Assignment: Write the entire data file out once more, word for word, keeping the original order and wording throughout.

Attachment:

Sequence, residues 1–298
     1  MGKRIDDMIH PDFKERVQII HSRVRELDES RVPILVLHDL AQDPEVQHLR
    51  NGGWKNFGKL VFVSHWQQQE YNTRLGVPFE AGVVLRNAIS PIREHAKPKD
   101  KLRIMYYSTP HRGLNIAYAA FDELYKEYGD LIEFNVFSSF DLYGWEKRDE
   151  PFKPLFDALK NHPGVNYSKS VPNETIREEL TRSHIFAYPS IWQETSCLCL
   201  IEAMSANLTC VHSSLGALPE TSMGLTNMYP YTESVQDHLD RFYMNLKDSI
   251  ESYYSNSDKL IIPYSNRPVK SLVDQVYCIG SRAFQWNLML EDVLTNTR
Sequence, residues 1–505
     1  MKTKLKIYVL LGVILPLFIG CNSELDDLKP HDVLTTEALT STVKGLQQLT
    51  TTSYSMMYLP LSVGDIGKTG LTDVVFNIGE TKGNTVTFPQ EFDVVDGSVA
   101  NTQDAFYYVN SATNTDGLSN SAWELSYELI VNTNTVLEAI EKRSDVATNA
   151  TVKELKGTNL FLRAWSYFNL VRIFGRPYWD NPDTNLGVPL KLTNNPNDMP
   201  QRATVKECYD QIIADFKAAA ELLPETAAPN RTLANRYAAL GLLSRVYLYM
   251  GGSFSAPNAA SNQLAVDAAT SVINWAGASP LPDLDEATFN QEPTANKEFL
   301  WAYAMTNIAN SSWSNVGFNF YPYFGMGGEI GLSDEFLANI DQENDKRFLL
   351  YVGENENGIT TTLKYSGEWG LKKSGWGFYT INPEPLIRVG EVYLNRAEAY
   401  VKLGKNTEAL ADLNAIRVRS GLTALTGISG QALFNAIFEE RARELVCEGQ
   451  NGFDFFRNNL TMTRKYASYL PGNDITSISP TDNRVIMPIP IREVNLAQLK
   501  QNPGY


Sequence, residues 1–298
     1  MGKRIDDMIH PDFKERVQII HSRVRELDES RVPILVLHDL AQDPEVQHLR
    51  NGGWKNFGKL VFVSHWQQQE YNTRLGVPFE AGVVLRNAIS PIREHAKPKD
   101  KLRIMYYSTP HRGLNIAYAA FDELYKEYGD LIEFNVFSSF DLYGWEKRDE
   151  PFKPLFDALK NHPGVNYSKS VPNETIREEL TRSHIFAYPS IWQETSCLCL
   201  IEAMSANLTC VHSSLGALPE TSMGLTNMYP YTESVQDHLD RFYMNLKDSI
   251  ESYYSNSDKL IIPYSNRPVK SLVDQVYCIG SRAFQWNLML EDVLTNTR
Sequence, residues 1–505
     1  MKTKLKIYVL LGVILPLFIG CNSELDDLKP HDVLTTEALT STVKGLQQLT
    51  TTSYSMMYLP LSVGDIGKTG LTDVVFNIGE TKGNTVTFPQ EFDVVDGSVA
   101  NTQDAFYYVN SATNTDGLSN SAWELSYELI VNTNTVLEAI EKRSDVATNA
   151  TVKELKGTNL FLRAWSYFNL VRIFGRPYWD NPDTNLGVPL KLTNNPNDMP
   201  QRATVKECYD QIIADFKAAA ELLPETAAPN RTLANRYAAL GLLSRVYLYM
   251  GGSFSAPNAA SNQLAVDAAT SVINWAGASP LPDLDEATFN QEPTANKEFL
   301  WAYAMTNIAN SSWSNVGFNF YPYFGMGGEI GLSDEFLANI DQENDKRFLL
   351  YVGENENGIT TTLKYSGEWG LKKSGWGFYT INPEPLIRVG EVYLNRAEAY
   401  VKLGKNTEAL ADLNAIRVRS GLTALTGISG QALFNAIFEE RARELVCEGQ
   451  NGFDFFRNNL TMTRKYASYL PGNDITSISP TDNRVIMPIP IREVNLAQLK
   501  QNPGY